CCMA is a less-known and rarely described entity representing a variant of mitral annular calcification, which is typically located in the posterior mitral annulus. It represents <1% of all mitral calcifications, with a prevalence of 0.067% in the general population . CCMA consists of a mixture of calcium, fatty acids, and cholesterol, with the gross appearance resembling that of toothpaste. The pathogenetic mechanism of CCMA has not yet been defined, but as an expression of atherosclerosis, it has identical risk factors as those of cardiovascular disease . Incidental finding is the most common clinical presentation of CCMA, however some patients report palpitations, dyspnea, and rarely syncope. CCMA can cause obstruction of the transmitral left ventricular inflow tract or lead to prolapse of a mitral leaflet causing mitral regurgitation . Systemic embolization has also been reported. No relationship has been described between CCMA and occurrence of atrial dysrhythmias.
Caseous calcification is characterized echocardiographically as large, round, tumor-like calcifications, with well-defined edges, echodense periphery, and a central echolucent area resembling liquefaction. It is less reflective than common calcification of mitral annulus, and usually there are no posterior acoustic shadowing artifacts behind it . The use of transesophageal study enables one to define better the location, consistency, and aspect of the mass mainly in patients with limited acoustic window. Because CCMA is a rare condition, cardiac imagers may not be familiar with this incidental calcific mass, and it is often misdiagnosed as a cardiac tumor, thrombus, abscess, or even hydatid cyst, which may lead to unnecessary interventions .
In the present case, the localization, calcifications in the borders, and absence of peripheral extension made the diagnosis of cardiac tumor unlikely. Concerning endocarditis, the clinical context was essential to differentiate CCMA from vegetation.
Multiple imaging modalities can be complementary in differentiating between caseoma, tumor, and abscess. In this instance, correlating the echocardiographic findings with imaging on CT and CMR enabled an appropriate diagnosis without invasive studies . On CT scan, CCMA appears as a well-defined oval or crescent-shaped hyperdense mass with peripheral calcification, usually along the posterior mitral annulus, has a high number of Hounsfield units, and lacks contrast enhancement .
CMR is considered to be the technique of choice in doubtful cases. CCMA is seen as a hypointense lesion both in T1- and T2-weighted sequences . In postcontrast studies, contrast enhancement on first pass sequences is not expected; however, it may exhibit peripheral enhancement during delayed postcontrast sequences.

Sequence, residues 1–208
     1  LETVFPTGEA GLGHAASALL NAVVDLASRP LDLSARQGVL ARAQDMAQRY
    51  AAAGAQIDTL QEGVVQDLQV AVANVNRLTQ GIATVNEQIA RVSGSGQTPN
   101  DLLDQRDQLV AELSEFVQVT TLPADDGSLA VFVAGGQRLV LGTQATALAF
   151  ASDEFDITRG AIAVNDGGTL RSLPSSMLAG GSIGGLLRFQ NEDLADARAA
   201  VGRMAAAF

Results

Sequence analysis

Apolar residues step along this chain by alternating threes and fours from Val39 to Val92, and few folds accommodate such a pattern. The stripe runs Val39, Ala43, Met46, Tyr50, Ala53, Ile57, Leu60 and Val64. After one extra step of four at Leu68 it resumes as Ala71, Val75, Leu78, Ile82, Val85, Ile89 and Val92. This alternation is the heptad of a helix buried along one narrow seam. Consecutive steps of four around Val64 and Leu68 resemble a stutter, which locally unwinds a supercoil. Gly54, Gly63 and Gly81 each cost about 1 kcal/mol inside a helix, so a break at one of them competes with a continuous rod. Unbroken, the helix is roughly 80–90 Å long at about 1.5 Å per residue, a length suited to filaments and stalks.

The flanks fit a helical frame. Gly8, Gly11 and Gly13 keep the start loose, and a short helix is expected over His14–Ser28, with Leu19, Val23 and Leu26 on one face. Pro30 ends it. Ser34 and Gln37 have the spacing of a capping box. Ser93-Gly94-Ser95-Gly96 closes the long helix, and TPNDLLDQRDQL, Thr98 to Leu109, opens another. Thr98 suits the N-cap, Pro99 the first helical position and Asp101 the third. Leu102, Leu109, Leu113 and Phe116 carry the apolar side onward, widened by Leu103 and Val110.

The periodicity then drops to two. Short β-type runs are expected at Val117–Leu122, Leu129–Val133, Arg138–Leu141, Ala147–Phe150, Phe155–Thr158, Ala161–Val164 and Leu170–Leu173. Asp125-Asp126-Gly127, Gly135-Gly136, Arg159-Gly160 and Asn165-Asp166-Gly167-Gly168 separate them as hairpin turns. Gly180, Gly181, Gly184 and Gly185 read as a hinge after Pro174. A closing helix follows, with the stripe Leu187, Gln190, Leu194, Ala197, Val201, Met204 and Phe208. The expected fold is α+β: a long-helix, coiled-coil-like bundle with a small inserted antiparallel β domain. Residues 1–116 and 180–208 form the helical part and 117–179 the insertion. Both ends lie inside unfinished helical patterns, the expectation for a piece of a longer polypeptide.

This case illustrates the complementary role of different imaging modalities. Although echocardiography was used to initially detect the mass and to assess its functional significance, the CMR was used to exclude other potential etiology. Late gadolinium enhancement is particularly interesting in the diagnosis as it shows unique peripheral enhancement of the mass. Conventional CT imaging confirmed the calcified nature of the mass .
Currently, there is no consensus on the optimal management for CCMA. The current data suggest conservative medical management for CCMA when the diagnosis is certain and there is no valvular dysfunction.
CCMA usually carries a benign prognosis, but patients so diagnosed require careful follow-up observation if they develop new symptoms or have a high propensity for tissue calcium deposition (as in chronic renal failure). Anticoagulation should be considered in patients who present with embolic manifestations.
The indications for surgical intervention include mitral valvular dysfunction, embolic manifestations, or when it is impossible to rule out the possibility of a tumor. Mitral valve replacement is preferred to mitral valve repair. Wide debridement and excision of CCMA may result in perioperative embolic stroke. Minimal incision, drainage, closure, and suture obliteration of the cavity offers a safe and reproducible technique for surgical management CCMA . Given the absence of mitral valve dysfunction and embolic events, conservative management was chosen for our patient.
In summary, caseous calcification represents a rare, underappreciated variant of mitral annular calcification that should be differentiated from an abscess or tumor. Although echocardiography is the mainstay imaging modality for diagnosis of CCMA, multimodality imaging, including TEE, cardiac CT, and CMR, can be used to confirm the diagnosis and avoid unnecessary surgery.
Disclosure: Authors have nothing to disclose with regard to commercial support.
Peer review under responsibility of King Saud University.